The Treasury Department on Thursday identified Ukrainian politician Andrii Derkach as an “active Russian agent for over a decade” — a label that could lead to more direct penalties. It added that Derkach has “directly or indirectly engaged in, sponsored, concealed or otherwise been complicit in foreign interference in an attempt to undermine the upcoming 2020 U.S. presidential election.”
“This action is a clear signal to Moscow and its proxies that this activity will not be tolerated,” the Treasury Department said.
But the activity has been more than tolerated by Trump and his allies.
The situation recalls a recent one in which the GOP-led Senate Intelligence Committee’s report about Russia’s 2016 election interference efforts labeled a close ally of then-Trump campaign chairman Paul Manafort, Konstantin Kilimnik, a “Russian intelligence officer.”
The question with Kilimnik is how explicit was the alliance, and the Senate committee report says we may never know the full truth about Manafort’s contacts with him. That’s because Manafort chose to lie about them (while curiously risking extended jail time) and his communications with Kilimnik remain obscured.
But with Derkach, who is now officially labeled a Russian agent, it’s evident that his efforts have paid dividends — including with what we’ve learned since Derkach was linked to the Russian disinformation campaign by the U.S. government.
Trump in the past month retweeted edited audio of a purported 2016 call between then-Vice President Joe Biden and then-Ukrainian President Petro Poroshenko. The tweet came after Derkach had previously leaked purported recordings of their conversations. U.S. intelligence had indicated even then that the Derkach-linked effort was part of a Russian disinformation campaign — raising serious questions about Trump’s decision to promote it — but the designation from the Treasury Department now makes Derkach’s ties official.
But Trump isn’t the only one who might have questions to answer in light of the new designation. His personal lawyer, Giuliani, worked with Derkach while trying to dig up dirt on Biden and Ukraine. Giuliani met with Derkach twice since late 2019, publicizing Derkach’s claims on his podcast and serving as a conduit between Derkach and a pro-Trump news outlet.
Speaking to The Washington Post earlier in the year, Giuliani confirmed receiving information from Derkach, saying, “Oh my God, yeah.” But he maintained that he has independently sought to confirm it. Giuliani said Derkach “has been very helpful to me.”
Derkach’s allegations, as facilitated by Giuliani, were also promoted on the pro-Trump outlet One America News, which interviewed Derkach as part of a series combating Trump’s impeachment. Its title: “Ukrainian Witnesses Destroy [House Intelligence Committee Chairman Adam] Schiff’s Case w/ Rudolph W. Giuliani."
GOP senators who have pushed the unproven conspiracy theories about Biden and Ukraine have also dealt with questions about their reliance upon information from Derkach.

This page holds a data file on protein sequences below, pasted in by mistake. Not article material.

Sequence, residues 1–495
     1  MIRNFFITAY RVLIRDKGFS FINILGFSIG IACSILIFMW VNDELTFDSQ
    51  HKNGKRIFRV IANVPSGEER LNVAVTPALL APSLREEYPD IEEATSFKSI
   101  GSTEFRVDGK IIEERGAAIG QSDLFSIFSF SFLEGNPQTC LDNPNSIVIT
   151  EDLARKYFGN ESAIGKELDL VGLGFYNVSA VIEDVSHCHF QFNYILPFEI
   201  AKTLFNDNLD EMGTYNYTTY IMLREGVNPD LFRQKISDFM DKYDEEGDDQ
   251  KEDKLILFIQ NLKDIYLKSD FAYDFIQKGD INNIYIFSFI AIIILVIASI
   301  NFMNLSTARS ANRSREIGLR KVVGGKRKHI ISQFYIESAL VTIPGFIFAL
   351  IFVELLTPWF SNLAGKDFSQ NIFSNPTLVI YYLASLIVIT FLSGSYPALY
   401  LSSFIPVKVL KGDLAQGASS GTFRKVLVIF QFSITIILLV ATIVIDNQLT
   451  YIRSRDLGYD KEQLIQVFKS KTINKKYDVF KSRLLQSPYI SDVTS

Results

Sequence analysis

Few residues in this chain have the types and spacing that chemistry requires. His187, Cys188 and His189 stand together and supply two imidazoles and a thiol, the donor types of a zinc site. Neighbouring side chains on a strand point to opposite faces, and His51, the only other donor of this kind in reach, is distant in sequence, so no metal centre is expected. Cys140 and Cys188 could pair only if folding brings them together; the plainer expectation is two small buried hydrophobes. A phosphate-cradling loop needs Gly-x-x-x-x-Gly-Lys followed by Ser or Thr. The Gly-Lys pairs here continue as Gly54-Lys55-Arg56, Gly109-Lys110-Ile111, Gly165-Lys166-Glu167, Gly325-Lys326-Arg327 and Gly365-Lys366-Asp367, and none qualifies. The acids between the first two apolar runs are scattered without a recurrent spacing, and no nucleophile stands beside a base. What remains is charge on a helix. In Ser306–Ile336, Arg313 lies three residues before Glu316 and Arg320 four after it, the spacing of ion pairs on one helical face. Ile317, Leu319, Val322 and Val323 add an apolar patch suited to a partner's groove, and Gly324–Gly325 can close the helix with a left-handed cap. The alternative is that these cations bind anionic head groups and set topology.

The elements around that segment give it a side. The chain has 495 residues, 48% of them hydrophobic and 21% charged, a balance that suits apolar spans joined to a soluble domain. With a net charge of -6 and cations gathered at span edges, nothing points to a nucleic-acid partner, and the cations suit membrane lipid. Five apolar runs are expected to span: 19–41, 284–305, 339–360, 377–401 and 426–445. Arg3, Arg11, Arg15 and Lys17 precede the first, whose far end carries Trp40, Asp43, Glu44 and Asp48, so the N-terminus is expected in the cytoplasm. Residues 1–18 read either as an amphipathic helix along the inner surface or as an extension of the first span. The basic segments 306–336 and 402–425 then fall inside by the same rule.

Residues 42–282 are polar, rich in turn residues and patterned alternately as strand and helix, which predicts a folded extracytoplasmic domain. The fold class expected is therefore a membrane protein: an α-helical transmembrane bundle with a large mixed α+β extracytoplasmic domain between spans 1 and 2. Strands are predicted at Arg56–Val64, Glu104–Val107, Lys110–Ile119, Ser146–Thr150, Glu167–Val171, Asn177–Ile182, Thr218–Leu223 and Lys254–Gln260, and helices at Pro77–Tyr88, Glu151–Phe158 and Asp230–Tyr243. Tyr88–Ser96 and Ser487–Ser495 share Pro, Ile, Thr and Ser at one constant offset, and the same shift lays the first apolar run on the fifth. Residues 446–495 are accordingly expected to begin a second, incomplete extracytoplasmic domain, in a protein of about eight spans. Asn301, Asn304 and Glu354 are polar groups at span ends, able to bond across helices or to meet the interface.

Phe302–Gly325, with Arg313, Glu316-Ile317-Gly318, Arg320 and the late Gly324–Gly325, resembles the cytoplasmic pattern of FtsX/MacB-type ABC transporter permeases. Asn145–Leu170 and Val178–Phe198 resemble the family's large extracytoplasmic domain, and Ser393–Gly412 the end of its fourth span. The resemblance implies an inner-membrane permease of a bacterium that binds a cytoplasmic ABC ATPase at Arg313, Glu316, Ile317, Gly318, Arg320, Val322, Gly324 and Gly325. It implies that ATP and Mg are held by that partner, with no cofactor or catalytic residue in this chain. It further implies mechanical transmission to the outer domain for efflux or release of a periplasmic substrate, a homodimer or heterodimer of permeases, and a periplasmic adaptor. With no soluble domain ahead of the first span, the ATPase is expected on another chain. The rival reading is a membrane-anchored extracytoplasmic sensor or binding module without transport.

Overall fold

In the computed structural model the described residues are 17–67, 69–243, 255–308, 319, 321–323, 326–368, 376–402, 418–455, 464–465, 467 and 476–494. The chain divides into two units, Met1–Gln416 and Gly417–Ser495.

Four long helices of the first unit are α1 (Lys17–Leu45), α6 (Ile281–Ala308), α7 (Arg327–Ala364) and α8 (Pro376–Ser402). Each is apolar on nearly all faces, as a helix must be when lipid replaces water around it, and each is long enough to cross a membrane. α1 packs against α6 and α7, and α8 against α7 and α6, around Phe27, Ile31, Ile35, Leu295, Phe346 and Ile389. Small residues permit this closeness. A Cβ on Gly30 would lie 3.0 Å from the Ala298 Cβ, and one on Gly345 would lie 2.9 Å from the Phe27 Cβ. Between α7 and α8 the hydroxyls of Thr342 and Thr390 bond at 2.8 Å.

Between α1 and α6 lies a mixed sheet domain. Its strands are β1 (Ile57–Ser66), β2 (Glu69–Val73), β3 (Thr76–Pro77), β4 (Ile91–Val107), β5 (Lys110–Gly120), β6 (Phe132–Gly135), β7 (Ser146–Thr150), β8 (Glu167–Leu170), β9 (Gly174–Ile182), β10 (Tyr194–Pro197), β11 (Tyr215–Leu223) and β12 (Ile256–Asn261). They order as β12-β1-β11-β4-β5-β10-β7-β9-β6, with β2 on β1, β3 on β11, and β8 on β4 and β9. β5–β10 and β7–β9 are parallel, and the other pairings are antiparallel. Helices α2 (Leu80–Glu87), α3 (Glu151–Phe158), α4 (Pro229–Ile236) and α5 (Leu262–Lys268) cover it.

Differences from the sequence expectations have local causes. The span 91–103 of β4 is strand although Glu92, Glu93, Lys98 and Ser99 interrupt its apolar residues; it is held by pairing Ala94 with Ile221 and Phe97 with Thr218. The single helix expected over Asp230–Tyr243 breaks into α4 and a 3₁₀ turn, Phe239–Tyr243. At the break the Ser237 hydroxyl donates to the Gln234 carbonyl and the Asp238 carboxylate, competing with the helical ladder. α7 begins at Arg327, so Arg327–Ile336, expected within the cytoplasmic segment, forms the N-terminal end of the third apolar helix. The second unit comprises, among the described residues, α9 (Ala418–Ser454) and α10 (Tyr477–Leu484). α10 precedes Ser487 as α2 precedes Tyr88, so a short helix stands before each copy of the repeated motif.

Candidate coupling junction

Derkach has said he provided information to Senate Homeland Security Committee Chairman Ron Johnson (R-Wis.), who has pressed the Biden-Ukraine issue, along with other senators of both parties. But the offices of the senators denied receiving anything.
Former House Intelligence Committee Chairman Devin Nunes (R-Calif.) in July, though, declined to deny receiving information from Derkach. Here’s an exchange from the closed-door hearing:
REP. SEAN PATRICK MALONEY (D-N.Y.): Mr. Chairman, there have been public reports that the minority has received materials from Andrii Derkach, and those materials would not be classified and they would not be prohibited from disclosure. But, at a minimum, I also understand that majority staff has requested of the minority that they be shared with majority staff so that we might evaluate them independently.And so my question, Mr. Chairman, is of the ranking member, whether he is prepared to disclose to the committee whether he has received materials that have been called into question in the public reports from Andrii Derkach and, if so, whether he is prepared to share them with the rest of the committee.SCHIFF: Does the ranking member wish to respond?NUNES: No.
The idea that Russia disinformation and propaganda could filter through U.S. sources is hardly new. During the 2016 election campaign, information from emails hacked by the Russians was disseminated by many U.S. news outlets, including The Washington Post. Since then, though, there has been a reckoning when it comes to such information. Derkach’s ties to Russian intelligence were well-known even before Thursday or the U.S. intelligence report last month, including the fact that his father was a KGB agent and that he studied at a KGB school. Such things would seem to be a red flag for anyone working with him or relying upon his information.
The move from the Trump administration is particularly notable given his own promotion of the type of information Derkach was peddling, along with Giuliani cozying up to Derkach.